My tears begin the moment Panda dysregulates.
     Things are knocked off counters ~ I cry.
     She hits Pooda ~ I cry.
     She hits me ~ I cry.

     Pooda soon now expects my tears the moment Panda gets upset. I want to get in the van and drive somewhere  ~ alone ~  and stay there a very long time. 

     Something has to change. All four of us need respite. I have never contemplated this before now although many families use respite on a regular basis.

     She would be terrified if we send her away.
     I do not want her to feel abandoned (again).
     I am scared, too.

     Support network to the rescue: Panda stayed with her best friend for three nights. Pooda went to my sister’s house for two nights. They both considered it a special treat and had a wonderful time. Mama & Baba had a wonderful time, too.

(I started this post last month . . . . ) This move was truly a miracle for us. I did not cry for weeks after the girls came home from respite. I cried for the first time yesterday. Tonight they are staying with Aunt Shaw again, so mama can have another respite.


Pooda: "Mom, we need to hannatize."
Mom: "What?"
Pooda: "You know, hannatize our hands before we eat."
Mom: "Sweetie, I think the word is sanatize."
Pooda: "No, it is hannatize."

School's Out !

School's out for summer ~ School's out forever ~ School's been blown to pieces
No more pencils ~ No more books ~ No more teacher's dirty looks
Out for summer ~ Out till fall ~ We might not go back at all *

Last day of school photo below. Pooda's kindergarten class had a pretend beach party. Flipflops were the footwear of choice. Panda just wants to get the show on the road, hence the crossed arms and grimace-like smile.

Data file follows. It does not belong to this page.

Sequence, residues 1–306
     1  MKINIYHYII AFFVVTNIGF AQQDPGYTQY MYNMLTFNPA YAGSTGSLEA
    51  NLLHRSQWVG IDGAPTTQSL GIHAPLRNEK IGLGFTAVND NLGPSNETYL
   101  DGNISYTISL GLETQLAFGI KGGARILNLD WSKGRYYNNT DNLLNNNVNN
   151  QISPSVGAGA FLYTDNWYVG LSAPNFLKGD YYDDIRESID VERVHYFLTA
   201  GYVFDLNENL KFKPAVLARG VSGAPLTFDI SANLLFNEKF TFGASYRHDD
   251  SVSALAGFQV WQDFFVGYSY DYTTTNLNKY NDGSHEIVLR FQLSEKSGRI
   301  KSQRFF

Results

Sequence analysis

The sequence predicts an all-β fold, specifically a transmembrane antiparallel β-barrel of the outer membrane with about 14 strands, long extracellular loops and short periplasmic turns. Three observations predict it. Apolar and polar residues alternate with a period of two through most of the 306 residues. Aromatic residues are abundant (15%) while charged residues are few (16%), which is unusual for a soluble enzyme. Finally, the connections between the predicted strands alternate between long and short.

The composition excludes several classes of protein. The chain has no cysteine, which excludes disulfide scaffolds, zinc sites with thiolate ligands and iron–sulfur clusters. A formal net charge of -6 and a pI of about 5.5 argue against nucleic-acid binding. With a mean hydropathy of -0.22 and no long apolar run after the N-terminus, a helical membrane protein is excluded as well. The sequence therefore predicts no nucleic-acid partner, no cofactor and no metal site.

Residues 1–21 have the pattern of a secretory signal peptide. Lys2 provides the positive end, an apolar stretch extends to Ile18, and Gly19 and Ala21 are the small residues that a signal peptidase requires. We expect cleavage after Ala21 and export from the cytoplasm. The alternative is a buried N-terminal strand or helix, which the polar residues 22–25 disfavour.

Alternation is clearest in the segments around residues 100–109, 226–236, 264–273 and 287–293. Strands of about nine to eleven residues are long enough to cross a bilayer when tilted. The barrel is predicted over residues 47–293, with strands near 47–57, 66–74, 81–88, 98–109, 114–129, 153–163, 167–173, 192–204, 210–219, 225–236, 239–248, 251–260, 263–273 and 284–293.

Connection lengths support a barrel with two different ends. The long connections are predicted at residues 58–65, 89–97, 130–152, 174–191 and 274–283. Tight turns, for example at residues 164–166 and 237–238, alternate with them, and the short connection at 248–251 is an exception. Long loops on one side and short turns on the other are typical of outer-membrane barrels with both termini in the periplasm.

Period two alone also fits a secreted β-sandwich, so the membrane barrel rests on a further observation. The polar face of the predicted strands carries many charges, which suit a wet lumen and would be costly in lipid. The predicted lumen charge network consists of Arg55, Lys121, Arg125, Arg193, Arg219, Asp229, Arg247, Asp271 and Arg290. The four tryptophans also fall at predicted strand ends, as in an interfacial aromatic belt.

This was the first day of school last August.

* Song by Alice Cooper, released 1972


Courage doesn't always roar. Sometimes courage is the quiet voice at the end of the day saying, "I will try again tomorrow."      ~ Mary Anne Radmacher *

     I felt this way last night. Yesterday Panda & Pooda had swimming lessons, began Irish dance class and we stopped by 'the farm' for the first time this season. I should have predicted the folly of doing all these things during one outing. It was too much!
    As we left 'the farm', I accidently smacked Pooda in the face while trying to maneuver her into the back seat. She needed to be in the back seat for safety. Panda was mad and Pooda is an easy target when they sit side-by-side in the van. My iced tea spilled on me when Panda threw a small gym bag at me as we drove home. All three of us were crying as we pulled into the garage. Baba had a deer-in-the-headlights look when he heard & saw us. Although, by the time we went to bed everything was calm. Whew!

* Check out Mary Anne Radmacher's writing and artwork here. In an odd coincidence,  I was inspired by her words when making a gift for Baba soon after we married. He was not a baba then but he was, and remains, "my best time".

June 5, 2011



Pronunciation: dis-ˌreg-yə-ˈlā-shən 
Function: n  
Definition: impairment of a physiological regulatory mechanism (as that governing metabolism, immune response, or organ function)

Merriam-Webster's Medical Dictionary, © 2007 Merriam-Webster, Inc.